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How to Make Glass Doll Eyes

Click below or scroll down (right column) for a list of doll eye makers:

DOLL EYE MAKERS


2mm, 3mm, 4mm glass eyes for polymer dolls.
examples of eyes


INSTRUCTIONS FOR MAKING
MINIATURE GLASS DOLL EYES:

Note:  These instructions are intended for people who already know how to do hot glass work with a torch.  Also, I am ambidexerous with left-handed inclinations, so the illustrations may show left-handed views--I can't tell one way from the other half the time.

IRIS COLORS:
Mixing the colors until they are evenly distributed but still streaky will result in realistic variations in the iris.

Blue:
1.  Light shade:  Sky Blue, Light Grey.   Pull 1.5-2mm stringer.
2.  Medium shade:  Sky Blue, Med. Grey, Lapis Cobalt.  Pull  3-3.5mm stringer.
3.  Dark shade:  Med Grey, Lapis Cobalt.   Pull 1.5-2mm stringer.

These combinations can be used to make many shades and hues of blue and grey by varying the proportions of each color.

Green:
1.  Light shade:  Yellow, Light Brown, Nile green.   Pull 1.5-2mm stringer.
2.  Medium shade  Yellow, Lapis Cobalt, Light Brown, Nile Green.  Pull  3-3.5mm stringer.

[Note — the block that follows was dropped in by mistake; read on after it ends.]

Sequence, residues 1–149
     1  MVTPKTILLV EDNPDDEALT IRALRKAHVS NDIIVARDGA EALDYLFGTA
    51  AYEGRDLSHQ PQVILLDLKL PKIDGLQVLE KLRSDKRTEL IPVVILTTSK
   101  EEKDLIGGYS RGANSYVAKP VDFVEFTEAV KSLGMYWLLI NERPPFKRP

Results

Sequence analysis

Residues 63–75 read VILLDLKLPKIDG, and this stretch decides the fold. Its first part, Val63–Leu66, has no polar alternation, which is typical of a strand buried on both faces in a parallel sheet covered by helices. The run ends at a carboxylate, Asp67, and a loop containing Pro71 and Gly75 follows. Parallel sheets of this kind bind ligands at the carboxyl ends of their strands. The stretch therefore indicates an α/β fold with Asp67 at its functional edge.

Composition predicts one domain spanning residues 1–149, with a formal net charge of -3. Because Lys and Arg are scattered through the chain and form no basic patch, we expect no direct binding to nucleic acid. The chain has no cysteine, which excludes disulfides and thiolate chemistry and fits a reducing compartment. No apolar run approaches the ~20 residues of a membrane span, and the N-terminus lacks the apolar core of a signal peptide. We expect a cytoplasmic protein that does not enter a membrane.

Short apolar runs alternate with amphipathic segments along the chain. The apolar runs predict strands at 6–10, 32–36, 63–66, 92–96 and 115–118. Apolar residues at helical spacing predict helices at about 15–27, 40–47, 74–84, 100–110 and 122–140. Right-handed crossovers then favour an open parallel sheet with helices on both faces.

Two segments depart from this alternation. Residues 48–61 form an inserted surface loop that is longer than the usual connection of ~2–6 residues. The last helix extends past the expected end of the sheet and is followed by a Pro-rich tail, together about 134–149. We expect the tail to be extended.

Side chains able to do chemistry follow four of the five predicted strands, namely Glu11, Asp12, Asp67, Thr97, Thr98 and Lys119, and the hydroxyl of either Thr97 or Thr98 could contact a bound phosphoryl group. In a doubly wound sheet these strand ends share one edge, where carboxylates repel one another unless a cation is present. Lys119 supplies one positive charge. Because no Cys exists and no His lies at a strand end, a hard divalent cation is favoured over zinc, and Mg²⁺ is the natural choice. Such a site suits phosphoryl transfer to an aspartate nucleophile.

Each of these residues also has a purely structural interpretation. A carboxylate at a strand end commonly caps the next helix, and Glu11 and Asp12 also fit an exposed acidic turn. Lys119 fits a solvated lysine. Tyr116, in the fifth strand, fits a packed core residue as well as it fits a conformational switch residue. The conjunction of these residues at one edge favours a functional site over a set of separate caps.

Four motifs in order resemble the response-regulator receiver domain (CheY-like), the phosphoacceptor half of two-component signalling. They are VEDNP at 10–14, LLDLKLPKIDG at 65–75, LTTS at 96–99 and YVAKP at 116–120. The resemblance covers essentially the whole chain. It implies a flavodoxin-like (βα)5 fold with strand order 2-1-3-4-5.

3.  Dark shade:  Lapis Cobalt, Light Brown, Yellow, Nile Green.   Pull 1.5-2mm stringer.

Green is difficult to get right if you don't know the chemical reactions that will occur when the glass colors are combined.  Green made with blue and yellow tends to "bleed" into the white when the eyes are shaped; yellow and green make a dark brown--so must be used sparingly together--but green and brown are needed to "fix" the color and prevent "bleeding".


Brown:
1.  Light shade:  Light Brown, Med. Grey, Yellow.   Pull 1.5-2mm stringer.
2.  Medium shade:  Light Brown, Lapis Cobalt, Yellow.  Pull  3-3.5mm stringer.
3.  Dark shade:  Light Brown, Lapis Cobalt.   Pull 1.5-2mm stringer.

These combinations can be used to make many shades and hues of brown by varying the proportions of each color.


DIRECTIONS:

Step 1:
Prepare stringers of iris shades for chosen eyes color (guidelines above).

Step 2:
Thicken end of 8-9mm rod and flatten as shown in Illus. #1.
Illus. #1

Step 3:
Use transparent black for pupil--shape 6mm diameter, 12mm long cylinder in center of flattened punty end as shown in Illus. #2.
Illus. #2

Step 4:
Wrap with light iris color, melt iris shade until smooth, repeat with medium iris shade and then dark iris shade as shown in Illus. #3.  Use pick to very carefully feather each layer if needed to create smooth, even layers if needed as shown in Illus. #4.  Carefully reshape into cylinder if needed only after all iris layers have been applied and smoothed.